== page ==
- SAP South Africa has launched its SAP Educate to Employ drive in South Africa at an event held in Johannesburg this week.
- The drive will see 100 young people trained in SAP software and seeking to earn a spot of employment at SAP itself over the next six to twelve months.
- The programme seeks young people from across Africa and has 18 000 applicants from SA, Kenya and Nigeria.
German software firm SAP and Unicef have teamed up to bring the SAP Educate to Employ upskilling and youth employment drive to young people in South Africa. The drive was showcased at an event on Wednesday held by Unicef in partnership with the South African government.
The initiative aims to educate young people aged 16 to 24 on software skills related to SAP and eventually place them in positions at the company. Students will be using the SAP Learning site’s student zone to learn the latest SAP solutions free of charge to kickstart their careers.
100 young people, out of 18 000 applicants across the continent from Kenya, Nigeria and South Africa will were selected at the event on Wednesday to receive a remote learning opportunity over the next six to 12 months from SAP. These youth will be looking to earn employment at SAP itself as young professionals.
“Upskilling and mobilising Africa’s youth population is one of the defining challenges of our time. To build a prosperous future for all, we must urgently address one of South Africa’s and the continent’s greatest challenges – youth unemployment – which affects a disproportionate number of African youth,” explained Kholiwe Makhohliso, Managing Director at SAP Southern Africa, in a press statement.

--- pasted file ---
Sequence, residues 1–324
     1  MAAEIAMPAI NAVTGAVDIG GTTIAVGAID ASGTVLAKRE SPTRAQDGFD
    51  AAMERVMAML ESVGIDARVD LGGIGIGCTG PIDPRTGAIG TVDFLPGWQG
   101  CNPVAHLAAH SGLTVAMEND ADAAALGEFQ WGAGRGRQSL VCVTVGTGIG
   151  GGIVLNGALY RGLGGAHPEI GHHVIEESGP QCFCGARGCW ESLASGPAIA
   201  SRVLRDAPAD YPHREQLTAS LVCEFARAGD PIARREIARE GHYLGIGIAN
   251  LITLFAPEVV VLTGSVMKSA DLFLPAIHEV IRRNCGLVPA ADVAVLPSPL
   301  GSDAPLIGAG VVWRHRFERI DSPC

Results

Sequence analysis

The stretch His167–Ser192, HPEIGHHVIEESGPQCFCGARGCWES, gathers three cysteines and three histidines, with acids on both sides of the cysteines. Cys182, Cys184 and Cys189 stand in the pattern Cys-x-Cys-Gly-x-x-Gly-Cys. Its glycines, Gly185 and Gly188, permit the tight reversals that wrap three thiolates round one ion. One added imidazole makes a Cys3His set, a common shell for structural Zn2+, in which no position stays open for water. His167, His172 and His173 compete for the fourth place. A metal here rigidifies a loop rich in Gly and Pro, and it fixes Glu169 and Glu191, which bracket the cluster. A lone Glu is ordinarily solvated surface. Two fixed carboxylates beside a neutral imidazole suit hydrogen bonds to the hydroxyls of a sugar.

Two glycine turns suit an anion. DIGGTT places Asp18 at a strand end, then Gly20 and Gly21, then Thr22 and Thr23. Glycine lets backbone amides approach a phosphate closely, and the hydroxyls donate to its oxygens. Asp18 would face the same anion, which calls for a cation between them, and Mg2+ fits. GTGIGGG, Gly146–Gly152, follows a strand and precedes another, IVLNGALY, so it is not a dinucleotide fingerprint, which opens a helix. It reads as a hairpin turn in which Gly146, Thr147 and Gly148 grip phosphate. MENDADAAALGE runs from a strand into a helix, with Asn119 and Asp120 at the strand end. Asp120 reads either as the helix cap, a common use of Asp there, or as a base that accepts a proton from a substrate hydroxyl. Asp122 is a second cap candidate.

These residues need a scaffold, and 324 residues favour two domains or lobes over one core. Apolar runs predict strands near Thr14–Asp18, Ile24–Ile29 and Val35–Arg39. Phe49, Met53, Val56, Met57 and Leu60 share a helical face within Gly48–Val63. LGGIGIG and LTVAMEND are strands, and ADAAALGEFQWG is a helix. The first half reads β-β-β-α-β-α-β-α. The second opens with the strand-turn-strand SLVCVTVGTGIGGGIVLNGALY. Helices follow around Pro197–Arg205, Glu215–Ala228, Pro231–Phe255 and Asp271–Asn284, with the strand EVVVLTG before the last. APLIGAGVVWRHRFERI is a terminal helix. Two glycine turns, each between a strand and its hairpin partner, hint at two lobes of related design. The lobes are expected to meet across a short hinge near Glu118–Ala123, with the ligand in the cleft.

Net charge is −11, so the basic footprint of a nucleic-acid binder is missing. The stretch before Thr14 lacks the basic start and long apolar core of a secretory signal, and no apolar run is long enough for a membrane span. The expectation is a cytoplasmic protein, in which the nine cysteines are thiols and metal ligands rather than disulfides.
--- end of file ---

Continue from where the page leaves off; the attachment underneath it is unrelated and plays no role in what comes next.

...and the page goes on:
The youth enployment initiative forms part of SAP’s global commitment to supporting UNICEF’s Generation Unlimited (GenU), a public-private-youth-partnership that aims to deliver innovative solutions to challenges youth face around the world.
It is also only one of SAP’s other youth skills development drives throughout the continent, which also includes Africa Code Week which has trained around 14 million young people in basic coding skills over the years.
“Skilling of our youth to meaningfully participate in the digital economy is essential to an equality-centric and prosperous nation. We welcome SAP’s continued investment into skills development for the youth, and extend our congratulations to UNICEF and SAP on their partnership. The South African government is encouraged by the initiative and we look forward to supporting efforts to scale the SAP Educate to Employ initiative,” enthused Pinky Kekana, Deputy Minister in The Presidency for Planning, Monitoring and Evaluation, who was present at the event.
SAP says that the 100-person cohort is but one of the first it will run in the country, and that brings some hope for the future as the youth unemployment issue in South Africa is an incredibly profound one that will require a lot of work to begin righting.
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